Advice for lubricants

All partially used containers (bottles) of motor oil, brake or transmission fluids may be used for a period of three years following their purchase. However, the product needs to be sealed and stored in a dry, non-humid area.

One of the first things one sees in the label of an oil container is a group of numbers such as 10W30. The numbers refer to the oil viscosity or density.

The first number ("10" in this case) indicates how smoothly the oil flows when cold and whether it shall remain diluted ensuring easy starting in cold winter mornings.

The letter "W" indicates how smoothly the oil will flow when cold and whether it will remain free-flowing, ensuring easy starting in cold winter mornings.

The second number ("30" in this example) indicates how well the oil will maintain its density under high temperatures.

The motor attempts to keep the gasoline in a different compartment than the oil when operating, but due to changes from low to high speeds and from low to high temperatures, it is impossible to think that the oil will be absolutely free of gasoline.

In addition, condensation in extreme temperatures will create steams (water) that are deposited to the oil. Dirt and residues are removed from the oil filter, but only a comprehensive change of oil and filter can remove unwanted and harmful fluids.

Check your owner's manual for the recommended type of oil (such as 5W30 or 10W30). If you are not in possession of a manual or need additional information, ask at a gas station near you.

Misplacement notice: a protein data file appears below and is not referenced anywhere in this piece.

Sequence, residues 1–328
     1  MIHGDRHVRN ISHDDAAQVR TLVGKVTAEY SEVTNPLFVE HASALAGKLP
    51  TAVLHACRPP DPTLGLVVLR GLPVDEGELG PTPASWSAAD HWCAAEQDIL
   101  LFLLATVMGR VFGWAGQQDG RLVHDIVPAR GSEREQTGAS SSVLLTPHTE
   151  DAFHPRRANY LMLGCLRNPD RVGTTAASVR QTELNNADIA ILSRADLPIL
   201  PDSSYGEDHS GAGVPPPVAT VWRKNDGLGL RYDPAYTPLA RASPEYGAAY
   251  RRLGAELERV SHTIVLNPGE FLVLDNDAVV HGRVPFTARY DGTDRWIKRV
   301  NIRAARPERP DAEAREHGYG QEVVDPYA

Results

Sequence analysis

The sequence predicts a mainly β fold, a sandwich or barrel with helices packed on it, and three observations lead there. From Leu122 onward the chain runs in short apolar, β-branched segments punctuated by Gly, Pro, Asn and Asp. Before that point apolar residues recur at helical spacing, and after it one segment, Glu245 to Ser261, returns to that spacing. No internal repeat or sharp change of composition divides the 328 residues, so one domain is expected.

Remove all dirt, wax or grease from the rusty area.

Scrub loose rust with a grout knife or screw driver.

Use a wheel adapter or turret bearing for your electric drill (sanding brush no. 24) to remove rust. Be meticulous! Scrub an area of 10 cm around the rusty spot. Do not stop until the metal is shiny again.

Use a cloth to remove all the dust from scrubbing.

Prepare the car body filler according to the instructions on the packaging. Larger holes need a grid or glass wool filling. When using glass wool, treat the bubbles to make it as smooth as possible.

Fill the scrubbed area with a thin layer of car body filling. Keep the spatula at a 60˚ angle and apply the filling material in order to keep the repaired area thicker in the centre and thinner along the edges.

Leave it to dry according to the instructions and add additional layers when and as necessary.

Scrub the filling material that is now hard with a sanding brush starting with a #40 and finishing off with a #120 brush. Scrub at a 45˚ angle and following change directions forming an X.

Lay a thin stucco or polishing material to cover the scratches resulting from scrubbing. Leave it to dry according to the instructions and following, scrub with a glass brush #220 initially and later with a #320 one. Use a cloth to remove all the dust from the scrubbing.

Cover the surrounding area and spray with primer. Spray thin and homogeneous layers following instructions. When dry (confirm by touching) scrub with a wet glass brush #360 until smooth and finish with a #400 brush. Scrub the area until smooth like glass! Remove all dust with a cloth.

Spray with the right colour or paint with a repair spray product. You will need at least five very thin layers. Each layer should be implemented evenly and the primer colour should be visible even after the third layer of repair paint. Should any bubbles appear on the paint, scrub the area under repair lightly with a wet glass brush (#600), always removing the dust with a cloth prior to painting again.

When fully dried, remove the covering material and leave the repaired area to rest for a few days.

After a few days, when the repaired area is fully dried and hard, scrub the painted area with a soft scrubbing mixture. Start from the edges and move towards the centre of the patch.

Finally, coat the entire area with was and enjoy a rust-free vehicle. Since paint wears off with time, your patch may acquire a slightly different colour from the rest of the car body. However, the difference will not be noticeable.